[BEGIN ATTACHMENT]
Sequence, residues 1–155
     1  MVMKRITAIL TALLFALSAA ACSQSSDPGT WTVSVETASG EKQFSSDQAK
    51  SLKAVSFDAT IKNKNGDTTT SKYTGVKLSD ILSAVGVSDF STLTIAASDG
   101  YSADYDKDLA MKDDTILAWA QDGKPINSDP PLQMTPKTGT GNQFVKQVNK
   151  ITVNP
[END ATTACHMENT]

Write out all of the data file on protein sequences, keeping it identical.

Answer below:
Sequence, residues 1–155
     1  MVMKRITAIL TALLFALSAA ACSQSSDPGT WTVSVETASG EKQFSSDQAK
    51  SLKAVSFDAT IKNKNGDTTT SKYTGVKLSD ILSAVGVSDF STLTIAASDG
   101  YSADYDKDLA MKDDTILAWA QDGKPINSDP PLQMTPKTGT GNQFVKQVNK
   151  ITVNP